That's how long it took me to read Station Eleven.
That's rare for me. Usually I catch 30 to 45 minutes of reading here and there. BooksOne weekend.
That's how long it took me to read Station Eleven.
That's rare for me. Usually I catch 30 to 45 minutes of reading here and there. Books can languish on my night stand for weeks.
Within ten pages this book grabbed me by the shirt collar, thrust me into a chair and said "keep reading."
Arthur Leander, an aging Hollywood star, collapses on stage during a performance of King Lear in Toronto. Within a week, 99 percent of Earth's population has collapsed in the wake of a virulent pandemic. Station Eleven criss-crosses this threshold between the pre-pandemic and post-apocalyptic with stories of Arthur and the people in his life—his friends, family and lovers.
The irony of reading this book on a Kindle never escaped me. The author deftly inserts the reader in a very plausible worst-case scenario for our civilization. We humans are arrogant and petty—taking for granted so much in our everyday lives. I found myself in a head-space of equal parts terror and gratitude.
Shakespeare. Brandenburg Concertos. Graphic Novels. This is not your typical post-apocalyptic novel. It's tense and haunting, heartbreaking and inspiring. There are layers of complexity and meaning in these tales—well worth spending a summer weekend wandering the shores of Lake Michigan with the Traveling Symphony. ...more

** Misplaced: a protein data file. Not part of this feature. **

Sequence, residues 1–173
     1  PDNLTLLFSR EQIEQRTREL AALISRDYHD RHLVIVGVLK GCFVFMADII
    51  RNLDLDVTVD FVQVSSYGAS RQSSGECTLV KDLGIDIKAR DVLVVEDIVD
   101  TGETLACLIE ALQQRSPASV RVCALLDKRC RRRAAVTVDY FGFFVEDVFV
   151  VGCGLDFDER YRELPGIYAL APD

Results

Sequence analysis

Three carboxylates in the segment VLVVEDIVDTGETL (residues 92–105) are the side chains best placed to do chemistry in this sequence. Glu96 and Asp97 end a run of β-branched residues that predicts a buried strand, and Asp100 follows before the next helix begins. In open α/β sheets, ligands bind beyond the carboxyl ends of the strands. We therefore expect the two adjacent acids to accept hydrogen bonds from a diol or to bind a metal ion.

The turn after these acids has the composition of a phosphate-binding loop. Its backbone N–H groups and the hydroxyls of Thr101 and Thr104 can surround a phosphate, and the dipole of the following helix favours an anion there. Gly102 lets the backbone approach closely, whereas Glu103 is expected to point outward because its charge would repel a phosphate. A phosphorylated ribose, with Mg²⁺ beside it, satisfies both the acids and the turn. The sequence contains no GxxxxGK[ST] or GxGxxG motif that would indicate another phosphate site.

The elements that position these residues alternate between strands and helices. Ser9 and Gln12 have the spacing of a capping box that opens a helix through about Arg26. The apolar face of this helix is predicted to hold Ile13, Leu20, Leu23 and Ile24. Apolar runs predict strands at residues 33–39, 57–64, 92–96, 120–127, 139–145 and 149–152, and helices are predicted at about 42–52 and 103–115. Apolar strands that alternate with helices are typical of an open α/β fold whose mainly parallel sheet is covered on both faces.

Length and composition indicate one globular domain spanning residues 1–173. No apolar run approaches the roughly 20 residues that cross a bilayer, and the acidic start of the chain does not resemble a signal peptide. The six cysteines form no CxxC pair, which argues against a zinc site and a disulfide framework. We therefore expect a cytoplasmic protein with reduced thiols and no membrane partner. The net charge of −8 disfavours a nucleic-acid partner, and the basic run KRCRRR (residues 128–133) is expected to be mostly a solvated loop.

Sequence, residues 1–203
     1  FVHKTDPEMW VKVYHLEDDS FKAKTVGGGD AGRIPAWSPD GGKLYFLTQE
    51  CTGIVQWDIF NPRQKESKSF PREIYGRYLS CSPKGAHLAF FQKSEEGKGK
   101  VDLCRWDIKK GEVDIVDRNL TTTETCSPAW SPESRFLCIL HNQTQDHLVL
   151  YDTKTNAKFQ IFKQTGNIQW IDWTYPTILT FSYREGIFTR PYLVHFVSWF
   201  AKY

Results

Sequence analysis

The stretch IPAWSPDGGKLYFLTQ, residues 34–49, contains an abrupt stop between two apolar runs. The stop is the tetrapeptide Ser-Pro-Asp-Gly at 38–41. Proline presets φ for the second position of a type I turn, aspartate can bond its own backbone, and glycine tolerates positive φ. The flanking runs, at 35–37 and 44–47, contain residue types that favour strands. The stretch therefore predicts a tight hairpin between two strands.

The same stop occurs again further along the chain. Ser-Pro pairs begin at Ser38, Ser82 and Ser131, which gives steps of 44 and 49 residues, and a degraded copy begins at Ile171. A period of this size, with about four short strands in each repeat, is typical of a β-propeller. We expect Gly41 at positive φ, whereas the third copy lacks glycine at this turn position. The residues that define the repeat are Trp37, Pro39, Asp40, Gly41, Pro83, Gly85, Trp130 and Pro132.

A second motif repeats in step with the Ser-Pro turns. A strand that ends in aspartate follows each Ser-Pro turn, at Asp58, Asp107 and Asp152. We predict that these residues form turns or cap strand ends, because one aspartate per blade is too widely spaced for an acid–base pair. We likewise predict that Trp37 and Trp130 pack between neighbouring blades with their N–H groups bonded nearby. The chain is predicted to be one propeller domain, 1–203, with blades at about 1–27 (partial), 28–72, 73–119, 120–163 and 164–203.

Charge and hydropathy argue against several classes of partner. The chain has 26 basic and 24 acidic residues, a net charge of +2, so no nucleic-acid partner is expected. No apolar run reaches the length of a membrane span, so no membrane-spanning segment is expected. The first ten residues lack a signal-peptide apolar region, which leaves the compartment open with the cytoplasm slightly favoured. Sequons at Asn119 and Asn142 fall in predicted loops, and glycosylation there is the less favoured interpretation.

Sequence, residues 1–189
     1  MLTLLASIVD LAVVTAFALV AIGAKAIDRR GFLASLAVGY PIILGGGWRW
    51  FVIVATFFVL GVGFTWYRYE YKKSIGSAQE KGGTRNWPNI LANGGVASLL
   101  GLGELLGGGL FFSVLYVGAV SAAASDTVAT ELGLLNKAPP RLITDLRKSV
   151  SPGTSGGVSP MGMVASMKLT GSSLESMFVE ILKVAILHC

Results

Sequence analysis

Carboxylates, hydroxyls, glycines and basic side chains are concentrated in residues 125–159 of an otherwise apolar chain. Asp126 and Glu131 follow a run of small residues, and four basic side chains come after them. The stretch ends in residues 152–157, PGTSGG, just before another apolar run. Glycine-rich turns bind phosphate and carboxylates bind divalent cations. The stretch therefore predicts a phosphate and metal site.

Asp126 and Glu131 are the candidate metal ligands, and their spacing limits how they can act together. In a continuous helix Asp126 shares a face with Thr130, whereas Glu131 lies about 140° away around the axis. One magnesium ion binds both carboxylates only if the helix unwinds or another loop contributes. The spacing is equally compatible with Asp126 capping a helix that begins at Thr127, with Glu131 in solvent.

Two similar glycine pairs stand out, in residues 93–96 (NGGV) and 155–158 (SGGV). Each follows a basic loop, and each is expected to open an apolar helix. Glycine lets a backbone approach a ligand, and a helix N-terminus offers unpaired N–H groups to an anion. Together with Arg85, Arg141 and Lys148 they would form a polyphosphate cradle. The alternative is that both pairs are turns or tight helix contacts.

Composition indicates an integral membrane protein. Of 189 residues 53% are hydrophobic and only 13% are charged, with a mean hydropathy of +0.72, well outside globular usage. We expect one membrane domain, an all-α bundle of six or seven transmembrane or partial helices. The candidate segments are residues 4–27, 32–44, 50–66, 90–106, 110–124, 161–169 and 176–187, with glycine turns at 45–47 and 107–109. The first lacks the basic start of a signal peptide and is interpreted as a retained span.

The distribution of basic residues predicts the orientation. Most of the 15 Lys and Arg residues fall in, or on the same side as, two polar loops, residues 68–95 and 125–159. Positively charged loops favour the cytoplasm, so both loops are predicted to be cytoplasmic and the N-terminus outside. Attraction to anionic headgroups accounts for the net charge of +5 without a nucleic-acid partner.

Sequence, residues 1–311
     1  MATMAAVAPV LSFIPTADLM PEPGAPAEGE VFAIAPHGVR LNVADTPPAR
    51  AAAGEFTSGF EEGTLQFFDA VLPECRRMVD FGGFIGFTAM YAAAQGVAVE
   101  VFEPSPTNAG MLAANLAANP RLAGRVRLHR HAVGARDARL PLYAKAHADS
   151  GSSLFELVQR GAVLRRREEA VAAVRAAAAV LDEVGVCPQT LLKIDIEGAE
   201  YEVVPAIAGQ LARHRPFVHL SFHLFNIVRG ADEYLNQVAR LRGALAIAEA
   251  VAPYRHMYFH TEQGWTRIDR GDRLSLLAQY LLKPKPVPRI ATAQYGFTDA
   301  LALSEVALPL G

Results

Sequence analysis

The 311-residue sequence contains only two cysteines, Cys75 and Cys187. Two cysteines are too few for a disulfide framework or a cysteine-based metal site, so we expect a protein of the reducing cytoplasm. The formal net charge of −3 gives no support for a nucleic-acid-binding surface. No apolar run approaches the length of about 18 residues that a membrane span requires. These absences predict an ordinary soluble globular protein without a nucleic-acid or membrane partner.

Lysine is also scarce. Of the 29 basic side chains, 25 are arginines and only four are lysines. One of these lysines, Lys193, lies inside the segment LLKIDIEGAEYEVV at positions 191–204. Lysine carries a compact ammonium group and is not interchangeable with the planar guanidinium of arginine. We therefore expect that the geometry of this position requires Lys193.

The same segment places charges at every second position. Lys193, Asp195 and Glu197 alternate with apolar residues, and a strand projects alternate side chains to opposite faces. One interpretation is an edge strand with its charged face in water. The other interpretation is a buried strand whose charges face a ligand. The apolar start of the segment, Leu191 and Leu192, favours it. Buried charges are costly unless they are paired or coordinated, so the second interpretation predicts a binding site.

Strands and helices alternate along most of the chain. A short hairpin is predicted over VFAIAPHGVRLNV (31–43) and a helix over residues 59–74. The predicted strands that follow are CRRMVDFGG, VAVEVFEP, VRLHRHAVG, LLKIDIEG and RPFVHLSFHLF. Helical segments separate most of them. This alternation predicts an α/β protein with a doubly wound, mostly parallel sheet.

A very accessible book on some basic buddhist teachings on dealing with chaos and obstacles. Pema Chodron writes, and teaches, with warmth and humor.A very accessible book on some basic buddhist teachings on dealing with chaos and obstacles. Pema Chodron writes, and teaches, with warmth and humor. I highly recommend this book for anyone "dipping their toe" into buddhist thinking and meditation practice....more
Dan Harris wanted to title this book "The voice in my head is an asshole." When I heard that line I knew I was in good hands. Harris, whose celebrityDan Harris wanted to title this book "The voice in my head is an asshole." When I heard that line I knew I was in good hands. Harris, whose celebrity has escaped me since I don't watch much television, is the perfect blend of smart-ass skeptic and spiritual seeker. The great thing about this book (essentially a memoir) is that Harris is in perfect alignment with my own cynical view and utter fascination with the world of self-help and Buddhism. His writing is sometimes overly mocking in tone but overall he really opens up about some remarkably personal stuff. To sum it up...I really enjoyed this book and would recommend it to anyone who wants to quiet their "monkey mind" and learn from sincere and unaffected teachers....more
That's the one element this book lacked for me. Obviously the ending is spoiled by the book's title (and the legend it retells). YouDramatic tension.